All day on Friday, I kept an eye on the reactions to the news that the World Health Organisation (WHO) have suggested (in their draft Global Alcohol Action Plan 2022-2030) that women of childbearing age should not drink alcohol. The inference is that women’s bodies are for creating babies, and that they should do anything to make that process as safe and likely as possible, regardless of their personal preferences (regarding both alcohol and babies) and their, well, enjoyment. I’ve seen the jokes about how no one would ever get pregnant in the first place if they hadn’t been drinking, the calls to drink heavily to forget the misogyny, and the arguments from men that it’s not really as bad as we’re all making out.

But I’m afraid it is. There are women in this age bracket who do not want to have children. There are women who can’t have children. There are women who are only having sex with women, and will, therefore, never have an unexpected pregnancy. There are women who don’t have sex. There are women who have had children and don’t want to have any more. I am of childbearing age, but I cannot bear children anymore, because I have had my ovaries removed. So what about me? What about all these women? Why should they abstain from drinking, if drinking is something they enjoy, because they are female and of a certain age? Because their bodies could feasibly carry a child? Why is that child, who may or may not ever exist, treated with more reverence than the woman who may or may not carry it? And at what point does that child, if it is female, become unimportant too?

The heart of the matter is that this guidance reduces women. It suggests that they are nothing more than vessels, than potential mothers, mothers in waiting. It suggests that they should not have autonomy over their own bodies, should not be trusted to make their own choices. The NHS website states that there is no proven safe level of alcohol in pregnancy, and therefore the safest approach is to not drink at all. Every now and then, however, reports emerge that claim drinking the odd glass of wine in pregnancy is not harmful. Women can only read the available advice and come to their own conclusions. But at least this advice concerns women who are actually pregnant, and doesn’t take in any woman who may become pregnant at some point in the future, whether she wants to or not.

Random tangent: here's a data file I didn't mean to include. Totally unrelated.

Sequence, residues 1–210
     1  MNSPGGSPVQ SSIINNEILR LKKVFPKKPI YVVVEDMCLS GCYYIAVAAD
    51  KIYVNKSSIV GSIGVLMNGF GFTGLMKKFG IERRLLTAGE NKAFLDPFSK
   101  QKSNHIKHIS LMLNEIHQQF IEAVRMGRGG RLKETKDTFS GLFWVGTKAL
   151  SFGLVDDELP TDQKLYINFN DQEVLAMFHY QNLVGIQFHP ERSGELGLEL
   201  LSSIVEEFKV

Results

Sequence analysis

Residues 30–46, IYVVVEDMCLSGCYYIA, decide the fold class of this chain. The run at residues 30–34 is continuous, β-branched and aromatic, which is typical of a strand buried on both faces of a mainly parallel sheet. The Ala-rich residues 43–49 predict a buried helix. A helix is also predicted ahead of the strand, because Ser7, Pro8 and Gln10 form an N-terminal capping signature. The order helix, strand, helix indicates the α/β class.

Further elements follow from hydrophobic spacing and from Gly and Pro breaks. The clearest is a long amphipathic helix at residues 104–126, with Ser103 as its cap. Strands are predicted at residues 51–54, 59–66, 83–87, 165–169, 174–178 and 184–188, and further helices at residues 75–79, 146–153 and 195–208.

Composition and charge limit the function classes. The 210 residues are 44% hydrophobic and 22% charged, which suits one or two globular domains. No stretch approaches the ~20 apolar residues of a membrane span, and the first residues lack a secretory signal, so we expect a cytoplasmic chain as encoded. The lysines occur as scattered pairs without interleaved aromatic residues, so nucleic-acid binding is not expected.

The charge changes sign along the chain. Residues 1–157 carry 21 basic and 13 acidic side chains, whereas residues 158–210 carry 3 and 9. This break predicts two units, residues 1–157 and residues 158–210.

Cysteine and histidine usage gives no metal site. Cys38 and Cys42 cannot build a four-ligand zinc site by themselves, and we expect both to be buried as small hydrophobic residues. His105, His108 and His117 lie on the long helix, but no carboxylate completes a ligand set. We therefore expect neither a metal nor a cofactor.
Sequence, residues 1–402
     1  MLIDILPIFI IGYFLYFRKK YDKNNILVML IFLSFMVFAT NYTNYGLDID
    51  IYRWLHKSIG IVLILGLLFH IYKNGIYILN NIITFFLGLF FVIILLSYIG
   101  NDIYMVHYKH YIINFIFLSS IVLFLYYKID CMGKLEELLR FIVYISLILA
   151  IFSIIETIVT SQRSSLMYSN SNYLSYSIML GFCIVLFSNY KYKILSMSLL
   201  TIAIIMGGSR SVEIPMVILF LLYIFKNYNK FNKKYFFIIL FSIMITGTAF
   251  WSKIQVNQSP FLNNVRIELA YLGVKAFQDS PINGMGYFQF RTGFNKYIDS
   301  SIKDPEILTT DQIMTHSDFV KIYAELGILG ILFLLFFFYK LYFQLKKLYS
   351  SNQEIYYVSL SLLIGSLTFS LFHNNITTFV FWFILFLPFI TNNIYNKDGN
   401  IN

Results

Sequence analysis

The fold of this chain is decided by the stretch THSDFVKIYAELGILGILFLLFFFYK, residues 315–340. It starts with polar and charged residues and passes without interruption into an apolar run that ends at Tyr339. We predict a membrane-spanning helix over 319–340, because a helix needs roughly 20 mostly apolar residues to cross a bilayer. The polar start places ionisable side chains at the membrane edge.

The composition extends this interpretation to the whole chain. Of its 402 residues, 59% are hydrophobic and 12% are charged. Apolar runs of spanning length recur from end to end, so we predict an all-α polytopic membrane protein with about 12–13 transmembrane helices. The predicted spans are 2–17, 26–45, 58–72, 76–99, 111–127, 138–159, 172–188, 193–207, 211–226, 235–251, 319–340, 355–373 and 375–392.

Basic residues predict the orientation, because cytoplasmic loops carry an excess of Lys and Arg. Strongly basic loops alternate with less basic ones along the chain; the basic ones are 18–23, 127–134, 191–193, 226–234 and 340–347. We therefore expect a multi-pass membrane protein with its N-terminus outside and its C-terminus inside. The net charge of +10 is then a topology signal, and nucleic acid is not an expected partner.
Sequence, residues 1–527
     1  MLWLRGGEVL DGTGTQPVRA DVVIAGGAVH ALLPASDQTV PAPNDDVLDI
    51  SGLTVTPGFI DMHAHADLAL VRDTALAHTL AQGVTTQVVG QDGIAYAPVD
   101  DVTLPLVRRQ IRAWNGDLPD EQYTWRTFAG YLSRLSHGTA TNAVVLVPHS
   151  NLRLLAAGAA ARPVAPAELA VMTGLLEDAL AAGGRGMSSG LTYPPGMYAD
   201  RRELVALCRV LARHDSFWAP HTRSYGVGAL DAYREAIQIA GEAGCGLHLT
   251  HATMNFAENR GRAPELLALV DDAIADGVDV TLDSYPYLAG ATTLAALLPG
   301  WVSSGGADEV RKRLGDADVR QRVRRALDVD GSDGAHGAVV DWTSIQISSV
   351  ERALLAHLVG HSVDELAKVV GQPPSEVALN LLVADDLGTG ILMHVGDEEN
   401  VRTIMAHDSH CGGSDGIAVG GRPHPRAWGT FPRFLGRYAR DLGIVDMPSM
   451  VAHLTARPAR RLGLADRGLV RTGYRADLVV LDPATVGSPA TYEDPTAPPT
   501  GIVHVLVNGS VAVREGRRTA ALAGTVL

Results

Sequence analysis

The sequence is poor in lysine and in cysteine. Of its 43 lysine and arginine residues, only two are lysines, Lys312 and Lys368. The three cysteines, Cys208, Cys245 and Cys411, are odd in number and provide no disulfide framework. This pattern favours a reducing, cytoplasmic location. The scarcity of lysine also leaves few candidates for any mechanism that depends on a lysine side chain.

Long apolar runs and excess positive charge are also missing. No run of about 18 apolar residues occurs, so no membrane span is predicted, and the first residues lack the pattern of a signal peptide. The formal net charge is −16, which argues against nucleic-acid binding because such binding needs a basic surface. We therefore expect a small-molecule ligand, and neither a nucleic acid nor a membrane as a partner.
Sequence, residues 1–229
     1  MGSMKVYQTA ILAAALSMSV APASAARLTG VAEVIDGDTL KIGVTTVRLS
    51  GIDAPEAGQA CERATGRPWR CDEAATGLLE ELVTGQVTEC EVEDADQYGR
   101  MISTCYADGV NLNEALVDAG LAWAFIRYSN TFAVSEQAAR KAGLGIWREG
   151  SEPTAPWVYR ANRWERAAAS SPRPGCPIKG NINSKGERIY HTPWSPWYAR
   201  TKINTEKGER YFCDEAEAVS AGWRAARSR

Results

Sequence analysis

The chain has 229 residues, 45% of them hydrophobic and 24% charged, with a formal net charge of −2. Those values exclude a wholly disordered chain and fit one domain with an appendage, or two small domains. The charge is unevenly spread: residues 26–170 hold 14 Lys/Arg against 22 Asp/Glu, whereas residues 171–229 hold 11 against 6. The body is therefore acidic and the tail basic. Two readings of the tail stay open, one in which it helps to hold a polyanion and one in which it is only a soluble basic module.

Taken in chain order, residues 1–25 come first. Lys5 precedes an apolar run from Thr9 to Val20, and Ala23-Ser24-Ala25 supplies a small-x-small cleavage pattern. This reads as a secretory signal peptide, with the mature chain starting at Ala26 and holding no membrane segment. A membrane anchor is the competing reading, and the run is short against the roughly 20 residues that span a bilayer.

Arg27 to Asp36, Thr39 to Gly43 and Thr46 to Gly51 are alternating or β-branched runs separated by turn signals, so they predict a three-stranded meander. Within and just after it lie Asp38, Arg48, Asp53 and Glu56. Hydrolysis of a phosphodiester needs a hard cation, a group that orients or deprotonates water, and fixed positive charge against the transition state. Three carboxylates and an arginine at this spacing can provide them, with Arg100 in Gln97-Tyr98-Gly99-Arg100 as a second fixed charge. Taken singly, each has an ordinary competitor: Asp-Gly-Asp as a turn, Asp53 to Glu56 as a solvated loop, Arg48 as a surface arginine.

Alcohol is a drug, and it’s a dangerous one. You won’t get any argument from me on that front. But of the damage it causes, to individuals’ livers and lives, to familial relationships, to people who are victims of domestic violence, I don’t think the damage to foetuses (or potential foetuses) is a particularly significant factor. A woman is killed by a man every three days in the UK, and most are killed by someone they know. And men with alcohol problems are six times more likely to abuse their partner. If you put those two pieces of information together, it paints a pretty clear picture.

A 2020 study carried out in California found that moderate to high consumption of alcohol by fathers, prior to conception, could negatively impact offspring development. But the WHO are not suggesting that men of an age where they could potentially father a child (so pretty much men of any age, then) should abstain from drinking. Men are not seen as merely fathers in waiting, of course. Men are, surprise surprise, afforded full bodily autonomy.

Where does this policing of women’s bodies end? How long until we’re not allowed to do risky jobs or have certain hobbies just in case we are pregnant? Or are expected to avoid certain foods not only when we’re pregnant, but when we might be? In Texas, a bill has been signed that will make abortions illegal once a foetal heartbeat is detectable, which can be as early as six weeks after gestation, possibly before a woman knows she is pregnant. It’s an enormous backwards step for women, and it makes me want to throw things. Women’s ability to create human life is incredible, but it is far from all they are. Most of the women I know are intelligent, resilient, nurturing, resourceful, and supportive. If they choose to use those skills to raise children, they should absolutely do so. And if they don’t, they shouldn’t.  

Blessed be the fucking fruit.

Laura Pearson

Laura is a writer who lives in Leicestershire with her husband and their two children. When she’s not writing or reading, she can usually be found trying to get her son to put his shoes on, encouraging her daughter to sleep past 5am or moving small items from one room to another. You can follow her on Twitter and on her blog about getting cancer when she was pregnant.

No comments yet. Be the first one to leave a thought.
Leave a comment

Leave a Comment